The self-consistency fallacy

Would you want to watch the same play with the same actors repeating the same lines over and over again, with just some small variations in their tone each time? You’d probably get bored pretty quickly. And yet, that’s what we often unconsciously do when making career and life decisions.

If you ever applied for a job, you probably did the little retrospective dance of editing your resume so it followed a consistent narrative. When you get a job interview, you may get asked: “Where do you see yourself in five years?” and you’re supposed to have a coherent vision that’s aligned with your current self.

This is the self-consistency fallacy at play: the misguided assumption that “I have always acted in a certain way; therefore, I must continue to act in this way.” It’s an invisible yet powerful force that affects our path whenever we find ourselves at a crossroads.

Self-Consistency Fallacy Illustration

When our past dictates our path

While it’s undeniable that our past influences our future, we tend to place more rigid limits on ourselves than actually exist. This phenomenon is so widespread that it has many names. Psychologists refer to it as the “continuation bias”, economists talk of “path dependence”, and philosophers might frame it as a battle against determinism. I call it the self-consistency fallacy.

The self-consistency fallacy is why you may choose a new job based on your past roles and why you may stay within your field of study even when your interests have evolved. It’s also why we maintain the same roles and behaviors in our relationships, such as always being the “quiet one” in our circle of friends even when we feel a desire to express ourselves more openly.

The same goes for our health choices. You may stick to your running routine and miss out on the potential benefits of other activities like swimming, yoga, or weight training. Or you may hold onto dietary habits because it’s “what I’ve always done”—such as a meat-eater automatically disregarding plant-based diets.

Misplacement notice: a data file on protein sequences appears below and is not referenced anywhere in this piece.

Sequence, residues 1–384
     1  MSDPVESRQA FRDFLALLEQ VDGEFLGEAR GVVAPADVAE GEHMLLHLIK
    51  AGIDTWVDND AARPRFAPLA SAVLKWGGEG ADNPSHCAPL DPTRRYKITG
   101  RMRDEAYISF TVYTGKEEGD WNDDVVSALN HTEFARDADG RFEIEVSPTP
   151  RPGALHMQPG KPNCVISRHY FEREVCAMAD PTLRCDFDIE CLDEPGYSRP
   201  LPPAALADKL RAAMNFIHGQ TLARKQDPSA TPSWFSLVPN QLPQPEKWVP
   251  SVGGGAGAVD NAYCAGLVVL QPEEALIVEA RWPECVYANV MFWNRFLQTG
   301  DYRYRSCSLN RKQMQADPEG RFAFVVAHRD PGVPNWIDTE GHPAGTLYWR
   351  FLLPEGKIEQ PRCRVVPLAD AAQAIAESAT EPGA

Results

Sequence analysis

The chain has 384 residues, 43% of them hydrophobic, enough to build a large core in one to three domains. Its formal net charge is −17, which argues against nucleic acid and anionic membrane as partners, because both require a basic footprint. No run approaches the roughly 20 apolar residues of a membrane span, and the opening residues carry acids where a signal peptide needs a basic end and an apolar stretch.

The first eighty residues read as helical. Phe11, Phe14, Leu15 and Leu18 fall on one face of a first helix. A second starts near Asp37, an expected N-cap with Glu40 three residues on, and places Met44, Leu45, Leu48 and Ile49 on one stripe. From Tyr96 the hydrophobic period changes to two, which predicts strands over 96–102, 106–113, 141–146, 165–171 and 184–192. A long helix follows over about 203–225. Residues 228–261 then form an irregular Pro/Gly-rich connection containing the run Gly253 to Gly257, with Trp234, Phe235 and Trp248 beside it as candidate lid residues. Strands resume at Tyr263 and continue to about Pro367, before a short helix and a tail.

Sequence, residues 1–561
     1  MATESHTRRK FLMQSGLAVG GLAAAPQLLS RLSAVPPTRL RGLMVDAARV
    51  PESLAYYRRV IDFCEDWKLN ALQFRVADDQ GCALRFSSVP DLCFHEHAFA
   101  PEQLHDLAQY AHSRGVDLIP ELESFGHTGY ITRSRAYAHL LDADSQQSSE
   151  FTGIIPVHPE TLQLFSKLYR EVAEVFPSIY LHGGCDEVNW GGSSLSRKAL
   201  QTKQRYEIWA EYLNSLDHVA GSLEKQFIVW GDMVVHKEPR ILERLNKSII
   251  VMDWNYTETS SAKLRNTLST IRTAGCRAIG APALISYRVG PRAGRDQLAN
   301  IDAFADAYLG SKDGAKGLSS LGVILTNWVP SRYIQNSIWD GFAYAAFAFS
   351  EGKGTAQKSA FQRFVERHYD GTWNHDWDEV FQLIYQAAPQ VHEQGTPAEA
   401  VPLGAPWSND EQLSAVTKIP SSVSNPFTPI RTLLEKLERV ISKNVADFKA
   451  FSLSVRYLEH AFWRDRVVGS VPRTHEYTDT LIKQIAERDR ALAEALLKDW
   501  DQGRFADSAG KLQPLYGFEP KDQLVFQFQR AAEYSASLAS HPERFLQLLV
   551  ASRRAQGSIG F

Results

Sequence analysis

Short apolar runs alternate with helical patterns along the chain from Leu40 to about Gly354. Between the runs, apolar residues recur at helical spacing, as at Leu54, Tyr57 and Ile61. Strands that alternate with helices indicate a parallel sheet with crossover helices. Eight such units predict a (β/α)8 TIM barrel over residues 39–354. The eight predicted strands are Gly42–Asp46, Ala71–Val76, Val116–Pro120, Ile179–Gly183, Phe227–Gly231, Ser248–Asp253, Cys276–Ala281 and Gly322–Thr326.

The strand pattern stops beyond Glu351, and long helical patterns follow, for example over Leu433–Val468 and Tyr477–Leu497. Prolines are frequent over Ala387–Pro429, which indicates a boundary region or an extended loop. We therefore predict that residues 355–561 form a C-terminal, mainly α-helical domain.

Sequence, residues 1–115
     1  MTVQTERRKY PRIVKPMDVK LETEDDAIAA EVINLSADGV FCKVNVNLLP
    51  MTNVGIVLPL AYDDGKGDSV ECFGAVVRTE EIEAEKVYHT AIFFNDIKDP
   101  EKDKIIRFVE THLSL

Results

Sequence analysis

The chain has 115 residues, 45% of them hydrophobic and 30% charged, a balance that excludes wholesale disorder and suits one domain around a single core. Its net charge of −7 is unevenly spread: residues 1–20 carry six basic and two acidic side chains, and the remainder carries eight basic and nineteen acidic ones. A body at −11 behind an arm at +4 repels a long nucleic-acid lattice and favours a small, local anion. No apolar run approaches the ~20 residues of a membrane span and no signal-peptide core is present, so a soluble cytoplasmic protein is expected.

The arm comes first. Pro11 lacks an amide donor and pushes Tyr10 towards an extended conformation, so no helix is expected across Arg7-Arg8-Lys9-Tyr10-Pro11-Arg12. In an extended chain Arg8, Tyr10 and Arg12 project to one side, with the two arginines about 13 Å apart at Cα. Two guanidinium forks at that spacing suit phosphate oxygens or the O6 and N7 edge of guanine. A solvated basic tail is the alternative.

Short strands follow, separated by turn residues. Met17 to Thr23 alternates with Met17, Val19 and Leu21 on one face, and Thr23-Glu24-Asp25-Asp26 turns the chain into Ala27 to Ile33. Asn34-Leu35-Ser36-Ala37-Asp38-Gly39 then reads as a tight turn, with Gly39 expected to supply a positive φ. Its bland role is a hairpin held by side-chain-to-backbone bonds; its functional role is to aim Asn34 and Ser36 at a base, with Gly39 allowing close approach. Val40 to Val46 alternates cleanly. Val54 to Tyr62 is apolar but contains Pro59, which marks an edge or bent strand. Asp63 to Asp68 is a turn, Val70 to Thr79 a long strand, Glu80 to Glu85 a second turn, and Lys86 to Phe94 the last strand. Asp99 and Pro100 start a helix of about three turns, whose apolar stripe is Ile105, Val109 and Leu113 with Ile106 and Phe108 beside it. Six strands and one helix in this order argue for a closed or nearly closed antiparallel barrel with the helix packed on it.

Some of these may seem unimportant, but when you add up all of the ways the self-consistency fallacy affects your decisions, it all adds up to the equivalent of a monorail guiding the overall direction of your life. Fortunately, we don’t have to stay slaves to these mental shackles.

Breaking free of the self-consistency fallacy

We can’t deny that our previous choices and current beliefs form an important part of our identity, but they should not become an artificial boundary that guides our choices.

As John Maynard Keynes puts it: “The difficulty lies, not in the new ideas, but in escaping the old ones, which ramify, for those brought up as most of us have been, into every corner of our minds.” You are a dynamic being capable of change and growth. You are a verb, not a noun. When exploring potential paths forward, you can ask yourself the following questions to let go of preconceived expectations and allow yourself to expand your horizons beyond who you have been so far:

  • Are there opportunities that I have dismissed because they don’t fit my existing trajectory?
  • What new paths might I be able to explore if I were not bound by my past choices?
  • What would my ideal career look like if I could start from a blank slate?

The role of these questions is not to make you abandon your current path. Rather, it’s to make you more open to opportunities that are not obviously aligned with your present priorities: the “weird” projects that pique your curiosity, the fun ideas that present no clear professional benefits, the collaboration with a long-time friend that has nothing to do with your career.

We don’t know what we don’t know, so it is often from those tangents that arise the best opportunities for learning and growth. The stories we will share in the future may be squiggly, and strange, but at least they won’t be boring.

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